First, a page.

The prosecution of two people involved in an altercation during a Black Lives Matter protest in Sierra Vista this summer is moving forward, court records show.
Don James Fruhwirth has been ordered to appear in Sierra Vista Justice Court next month to learn when he will stand trial on two misdemeanor charges which allege he assaulted Cathleen Tashman by spraying her twice with pepper spray during the Sept. 19 protest. If convicted he faces up to one year in jail but the Cochise County Attorney’s Office has not announced plans to seek incarceration.
Meanwhile, Tashman is scheduled to appear in the same court Feb. 24, 2021 on one misdemeanor count related to her actions before being hit in the face with the pepper spray.
Public records show Tashman, 56, stopped her vehicle in the roadway at the corner of Fry Boulevard and State Route 92, the city’s busiest intersection. She then got out and exchanged words with some of the BLM protesters, one of whom was Fruhwirth, 27.
A short time later Tashman was struck by pepper spray after which other protest participants provided first aid until she was transported to Canyon Vista Medical Center for treatment, according to a Sierra Vista police report.
Charges were not immediately filed as investigators needed to review several videos and photographs of the incident, as well as interview numerous witnesses.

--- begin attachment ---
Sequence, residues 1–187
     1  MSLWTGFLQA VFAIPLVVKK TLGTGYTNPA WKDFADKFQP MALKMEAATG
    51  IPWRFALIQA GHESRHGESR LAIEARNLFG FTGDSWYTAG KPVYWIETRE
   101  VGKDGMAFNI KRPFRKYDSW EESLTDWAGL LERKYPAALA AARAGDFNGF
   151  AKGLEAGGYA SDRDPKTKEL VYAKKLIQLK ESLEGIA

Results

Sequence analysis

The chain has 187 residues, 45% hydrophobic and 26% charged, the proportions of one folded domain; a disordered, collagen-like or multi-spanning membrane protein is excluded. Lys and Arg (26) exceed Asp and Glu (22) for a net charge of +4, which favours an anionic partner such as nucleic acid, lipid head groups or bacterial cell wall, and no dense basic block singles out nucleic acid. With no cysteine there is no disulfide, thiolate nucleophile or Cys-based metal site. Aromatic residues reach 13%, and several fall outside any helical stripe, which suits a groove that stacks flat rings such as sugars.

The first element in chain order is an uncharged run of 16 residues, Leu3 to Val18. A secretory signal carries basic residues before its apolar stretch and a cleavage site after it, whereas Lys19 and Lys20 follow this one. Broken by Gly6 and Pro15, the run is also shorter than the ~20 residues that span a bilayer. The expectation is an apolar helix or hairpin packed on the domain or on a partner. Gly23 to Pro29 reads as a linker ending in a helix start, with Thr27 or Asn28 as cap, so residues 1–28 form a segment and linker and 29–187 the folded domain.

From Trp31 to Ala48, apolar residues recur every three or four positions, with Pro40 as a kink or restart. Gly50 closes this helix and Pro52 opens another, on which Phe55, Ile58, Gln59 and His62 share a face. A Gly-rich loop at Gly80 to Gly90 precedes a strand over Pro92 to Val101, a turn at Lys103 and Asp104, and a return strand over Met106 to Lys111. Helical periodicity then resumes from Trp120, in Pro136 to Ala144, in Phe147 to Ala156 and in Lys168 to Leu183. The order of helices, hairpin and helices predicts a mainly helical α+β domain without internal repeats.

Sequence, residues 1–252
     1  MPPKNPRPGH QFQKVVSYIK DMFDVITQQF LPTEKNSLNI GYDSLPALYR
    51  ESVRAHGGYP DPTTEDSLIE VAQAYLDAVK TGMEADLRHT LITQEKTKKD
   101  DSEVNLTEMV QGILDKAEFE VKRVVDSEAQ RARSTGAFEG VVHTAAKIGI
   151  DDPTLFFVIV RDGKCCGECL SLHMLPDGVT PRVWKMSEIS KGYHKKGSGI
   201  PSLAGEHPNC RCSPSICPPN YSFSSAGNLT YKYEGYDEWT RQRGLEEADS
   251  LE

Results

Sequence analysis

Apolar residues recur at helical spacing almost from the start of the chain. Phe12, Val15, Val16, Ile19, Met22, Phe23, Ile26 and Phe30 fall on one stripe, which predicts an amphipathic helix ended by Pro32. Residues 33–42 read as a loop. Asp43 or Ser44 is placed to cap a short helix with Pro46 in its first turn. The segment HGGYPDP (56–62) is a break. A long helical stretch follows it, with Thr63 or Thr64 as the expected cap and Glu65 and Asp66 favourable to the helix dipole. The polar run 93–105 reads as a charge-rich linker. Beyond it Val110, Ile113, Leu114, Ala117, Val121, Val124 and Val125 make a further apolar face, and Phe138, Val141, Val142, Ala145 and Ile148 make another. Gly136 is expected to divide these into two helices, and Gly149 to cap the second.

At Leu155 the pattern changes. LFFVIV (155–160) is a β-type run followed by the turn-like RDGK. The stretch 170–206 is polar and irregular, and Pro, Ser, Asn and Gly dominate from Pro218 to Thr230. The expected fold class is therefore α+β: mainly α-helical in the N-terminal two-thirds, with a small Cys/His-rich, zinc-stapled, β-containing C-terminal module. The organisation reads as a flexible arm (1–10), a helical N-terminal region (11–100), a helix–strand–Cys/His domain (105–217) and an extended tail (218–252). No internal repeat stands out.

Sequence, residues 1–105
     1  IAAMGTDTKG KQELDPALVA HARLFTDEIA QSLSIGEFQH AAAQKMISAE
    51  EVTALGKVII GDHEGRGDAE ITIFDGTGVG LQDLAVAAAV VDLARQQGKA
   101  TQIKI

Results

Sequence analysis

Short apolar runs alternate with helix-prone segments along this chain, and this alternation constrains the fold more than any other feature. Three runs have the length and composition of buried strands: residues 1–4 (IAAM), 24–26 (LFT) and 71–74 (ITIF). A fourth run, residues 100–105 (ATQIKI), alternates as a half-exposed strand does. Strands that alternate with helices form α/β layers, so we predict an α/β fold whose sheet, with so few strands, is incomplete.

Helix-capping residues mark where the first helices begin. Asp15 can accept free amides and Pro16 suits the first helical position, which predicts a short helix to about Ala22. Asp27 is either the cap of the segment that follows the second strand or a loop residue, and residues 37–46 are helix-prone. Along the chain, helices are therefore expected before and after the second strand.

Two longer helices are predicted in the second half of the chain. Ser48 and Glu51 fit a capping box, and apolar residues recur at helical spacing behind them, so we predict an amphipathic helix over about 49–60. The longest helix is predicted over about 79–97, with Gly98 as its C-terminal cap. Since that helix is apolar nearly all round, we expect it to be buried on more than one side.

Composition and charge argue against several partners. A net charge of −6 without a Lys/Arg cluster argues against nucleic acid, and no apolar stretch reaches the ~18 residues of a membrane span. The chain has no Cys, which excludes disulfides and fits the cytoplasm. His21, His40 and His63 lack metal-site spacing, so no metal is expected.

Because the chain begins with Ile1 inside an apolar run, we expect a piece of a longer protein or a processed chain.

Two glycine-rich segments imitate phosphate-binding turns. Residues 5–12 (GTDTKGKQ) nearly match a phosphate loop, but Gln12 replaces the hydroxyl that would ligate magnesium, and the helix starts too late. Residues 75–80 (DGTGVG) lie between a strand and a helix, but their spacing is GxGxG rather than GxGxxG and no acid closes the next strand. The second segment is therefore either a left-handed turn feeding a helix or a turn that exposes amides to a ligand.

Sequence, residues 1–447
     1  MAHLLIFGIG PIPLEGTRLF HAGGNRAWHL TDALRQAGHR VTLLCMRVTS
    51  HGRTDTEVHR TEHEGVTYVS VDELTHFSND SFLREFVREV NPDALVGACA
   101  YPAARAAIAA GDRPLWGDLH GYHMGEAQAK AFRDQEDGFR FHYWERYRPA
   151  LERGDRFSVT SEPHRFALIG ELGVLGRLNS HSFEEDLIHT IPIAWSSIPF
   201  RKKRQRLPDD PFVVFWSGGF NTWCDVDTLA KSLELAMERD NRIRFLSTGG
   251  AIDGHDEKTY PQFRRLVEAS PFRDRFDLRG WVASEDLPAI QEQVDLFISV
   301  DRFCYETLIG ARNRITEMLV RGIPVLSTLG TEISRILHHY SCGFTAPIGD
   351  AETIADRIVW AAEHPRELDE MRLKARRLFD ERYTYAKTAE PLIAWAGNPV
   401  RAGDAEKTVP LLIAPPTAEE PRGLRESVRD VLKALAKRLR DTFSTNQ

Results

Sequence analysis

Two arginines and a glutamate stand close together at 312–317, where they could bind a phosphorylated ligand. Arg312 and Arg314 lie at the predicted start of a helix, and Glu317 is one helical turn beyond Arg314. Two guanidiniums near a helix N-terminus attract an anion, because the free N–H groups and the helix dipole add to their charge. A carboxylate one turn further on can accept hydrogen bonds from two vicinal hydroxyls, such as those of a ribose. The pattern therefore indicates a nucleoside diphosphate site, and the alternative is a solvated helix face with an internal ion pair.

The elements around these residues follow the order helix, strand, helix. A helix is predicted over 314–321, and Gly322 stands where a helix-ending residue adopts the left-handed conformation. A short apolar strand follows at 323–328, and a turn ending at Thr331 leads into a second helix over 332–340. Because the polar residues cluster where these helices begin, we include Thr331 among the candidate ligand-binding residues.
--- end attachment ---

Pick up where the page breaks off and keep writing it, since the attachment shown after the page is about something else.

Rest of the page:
The incident occurred while protesters supporting BLM were standing on one corner while another group, identifying themselves as Concerned Citizens of Cochise County, were across the street. Tashman was reportedly standing with the counterprotest group at one point but then got into her vehicle and left.
It’s unclear what prompted Tashman to stop in a busy lane of traffic, but upon exiting her car she walked onto the sidewalk and approached several of the BLM protesters. Sierra Vista officers who were nearby monitoring the protests headed toward the corner when they saw Tashman’s vehicle stop in the road, but she had already been hit by the pepper spray when they arrived.
When announcing the charges in October, Sierra Vista Police Chief Adam Thrasher acknowledged his support for free speech but said it needed to be done in a manner that did not put participants nor the public in harm’s way.
“The Sierra Vista Police Department remains committed to the support of constitutionally protected speech and peaceful assembly,” Thrasher said. “We emphasize that these activities need to be conducted in a time, place, and manner that is safe and respectful to the rights of others.”
Although Fruhwirth was armed with a rifle, there is no evidence suggesting he displayed it in an offensive or threatening manner. Fruhwirth has retained local attorney Nancy Bourke while Tashman is represented by lawyer Michael Farro.